By Kaylia Cornett
The advising season has begun, and while some students may not be feeling the pressure of meshing classes into a comfortable schedule, others may be forced to settle for a semester routine void of classes they need to be taking in order to graduate on time.In an attempt to alleviate this problem for certain student populations on campus this semester, university officials have developed a new course registration policy, effective for spring 2010, that will allow some student groups to register for classes earlier than others.
“Certain constituents on campus believed priority registration was [needed] because particular groups of students experienced [problems] in making academic progress because of scheduling constraints,” Tina Davis, university registrar said.
The new policy will allow graduates and seniors with 102 or more hours completed, or in progress, to register first. Then selected students with specific disabilities, honors program students, student-athletes and spirit group members will be granted the chance to register next. Seniors, juniors, sophomores, freshmen and all other remaining students will fall in line beginning the following day.
“The approved designated populations are faced with a range of scheduling constraints,” Davis said. “While many students have [scheduling] conflicts.the athlete, spirit groups, band and honors students represent designated populations [that] are formally associated with EKU.”
Davis explained that because of these students’ involvement in university activities they essentially have a relationship with the institution, acting as representatives of the university. That student involvement results in time commitments that can restrict their scheduling options.
Athletes must also adhere to academic progress rules outlined in the NCAA regulations. The University Athletics Committee, Student-Athlete Advisory Committee and the Office of Services for Individuals with Disabilities first proposed the idea for the policy, Davis said. It took more than a year for the proposal to be approved and Davis said the faculty senate and the Student Government Association, who pushed for the idea, discussed it at length beginning in 2007.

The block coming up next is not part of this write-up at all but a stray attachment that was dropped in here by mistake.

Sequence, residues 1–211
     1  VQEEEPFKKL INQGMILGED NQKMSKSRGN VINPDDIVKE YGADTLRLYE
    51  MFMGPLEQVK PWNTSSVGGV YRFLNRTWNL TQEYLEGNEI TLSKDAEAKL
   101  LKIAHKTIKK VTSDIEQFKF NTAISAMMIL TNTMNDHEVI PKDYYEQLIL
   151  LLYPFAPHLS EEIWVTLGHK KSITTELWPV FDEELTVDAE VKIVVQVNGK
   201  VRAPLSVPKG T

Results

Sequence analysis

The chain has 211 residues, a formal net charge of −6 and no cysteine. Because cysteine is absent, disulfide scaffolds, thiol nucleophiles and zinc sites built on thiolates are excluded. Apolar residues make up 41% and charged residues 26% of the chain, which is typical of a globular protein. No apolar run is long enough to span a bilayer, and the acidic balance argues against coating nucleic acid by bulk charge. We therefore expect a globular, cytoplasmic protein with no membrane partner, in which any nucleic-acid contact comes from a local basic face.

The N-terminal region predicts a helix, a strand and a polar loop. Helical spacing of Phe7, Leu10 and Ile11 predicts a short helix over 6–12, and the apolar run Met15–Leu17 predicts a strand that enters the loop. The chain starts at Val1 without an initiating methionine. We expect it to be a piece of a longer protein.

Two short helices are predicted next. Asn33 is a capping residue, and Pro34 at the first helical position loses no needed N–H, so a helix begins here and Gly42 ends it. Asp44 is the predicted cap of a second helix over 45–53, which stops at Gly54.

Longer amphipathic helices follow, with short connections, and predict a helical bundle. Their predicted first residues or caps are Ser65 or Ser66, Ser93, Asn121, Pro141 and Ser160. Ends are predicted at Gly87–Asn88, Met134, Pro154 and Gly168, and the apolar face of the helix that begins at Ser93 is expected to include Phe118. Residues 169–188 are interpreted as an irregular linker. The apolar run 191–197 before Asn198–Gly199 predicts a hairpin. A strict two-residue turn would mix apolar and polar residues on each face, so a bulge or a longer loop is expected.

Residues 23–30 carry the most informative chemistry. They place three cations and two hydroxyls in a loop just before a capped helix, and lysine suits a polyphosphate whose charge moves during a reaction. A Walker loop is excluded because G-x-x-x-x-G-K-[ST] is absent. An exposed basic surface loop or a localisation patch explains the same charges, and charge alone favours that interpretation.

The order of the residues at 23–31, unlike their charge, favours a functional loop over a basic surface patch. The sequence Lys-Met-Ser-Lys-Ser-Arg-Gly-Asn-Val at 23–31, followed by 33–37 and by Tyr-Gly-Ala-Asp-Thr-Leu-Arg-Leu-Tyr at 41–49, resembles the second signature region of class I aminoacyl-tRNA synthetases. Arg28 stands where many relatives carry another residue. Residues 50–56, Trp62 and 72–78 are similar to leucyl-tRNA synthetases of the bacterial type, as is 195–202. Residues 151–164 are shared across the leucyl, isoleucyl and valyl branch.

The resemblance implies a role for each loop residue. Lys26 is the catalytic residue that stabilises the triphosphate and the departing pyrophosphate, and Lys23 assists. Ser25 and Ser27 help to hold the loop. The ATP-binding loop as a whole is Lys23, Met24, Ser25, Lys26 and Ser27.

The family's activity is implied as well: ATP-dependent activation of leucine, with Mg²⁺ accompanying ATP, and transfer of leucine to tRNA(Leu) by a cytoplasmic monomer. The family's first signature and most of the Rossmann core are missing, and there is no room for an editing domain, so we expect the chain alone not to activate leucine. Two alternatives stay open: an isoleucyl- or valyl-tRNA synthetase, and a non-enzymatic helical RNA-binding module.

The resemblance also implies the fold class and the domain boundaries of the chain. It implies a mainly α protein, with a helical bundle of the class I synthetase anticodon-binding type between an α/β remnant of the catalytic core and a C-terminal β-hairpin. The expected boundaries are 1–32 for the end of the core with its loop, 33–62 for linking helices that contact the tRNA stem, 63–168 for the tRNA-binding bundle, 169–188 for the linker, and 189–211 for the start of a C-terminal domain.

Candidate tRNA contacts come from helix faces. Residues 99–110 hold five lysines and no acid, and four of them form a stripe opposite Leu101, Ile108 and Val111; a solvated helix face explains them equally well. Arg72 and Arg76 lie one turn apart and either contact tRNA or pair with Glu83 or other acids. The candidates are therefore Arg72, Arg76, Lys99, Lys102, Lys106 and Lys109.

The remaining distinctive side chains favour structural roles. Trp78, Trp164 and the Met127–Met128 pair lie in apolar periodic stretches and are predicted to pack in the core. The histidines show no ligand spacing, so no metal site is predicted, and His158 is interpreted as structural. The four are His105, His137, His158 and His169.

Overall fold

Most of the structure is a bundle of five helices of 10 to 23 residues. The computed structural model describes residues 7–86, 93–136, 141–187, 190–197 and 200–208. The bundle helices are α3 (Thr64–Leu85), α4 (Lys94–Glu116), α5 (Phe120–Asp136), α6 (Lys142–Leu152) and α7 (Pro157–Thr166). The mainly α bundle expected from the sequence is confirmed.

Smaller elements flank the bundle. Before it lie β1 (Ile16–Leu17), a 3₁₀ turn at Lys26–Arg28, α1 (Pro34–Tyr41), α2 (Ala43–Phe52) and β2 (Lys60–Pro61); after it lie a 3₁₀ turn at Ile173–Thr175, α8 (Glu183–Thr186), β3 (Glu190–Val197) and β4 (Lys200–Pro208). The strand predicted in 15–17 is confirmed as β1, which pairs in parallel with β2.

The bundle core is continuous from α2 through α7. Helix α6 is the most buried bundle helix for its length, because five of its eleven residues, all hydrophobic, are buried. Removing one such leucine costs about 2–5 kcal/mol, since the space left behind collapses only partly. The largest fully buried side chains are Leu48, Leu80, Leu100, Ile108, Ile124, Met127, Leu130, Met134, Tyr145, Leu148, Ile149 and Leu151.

Upon researching other state institution’s policies, the faculty senate discovered that five of the seven public universities in Kentucky have implemented priority registration policies for similar student populations, Davis said.
Not everyone is excited about the change in the registration lineup, though.
“Us poor people that have to work also have scheduling conflicts,” said Crystal Brockman, a sophomore English major, who disagrees with student athletes and spirit groups receiving priority registration.
Gina Miller, a junior and member of the honors program, said she understood why people with disabilities should receive priority registration, but believes the system in place now is more reasonable and equal to the general student body, but should have a stronger emphasis on GPA.
“It is only fair to let people whose academic performance and seniority are highest [register first],” Miller said. “After all, we go to college for academics.”
Students who have questions regarding the policy can view the document at Eastern’s policy Web site listed under “Course Registration” at www.policies.eku.edu. Student information is also available online at the Colonel’s Compass, or students can call the Registrar’s Office registration help line at 622-2320.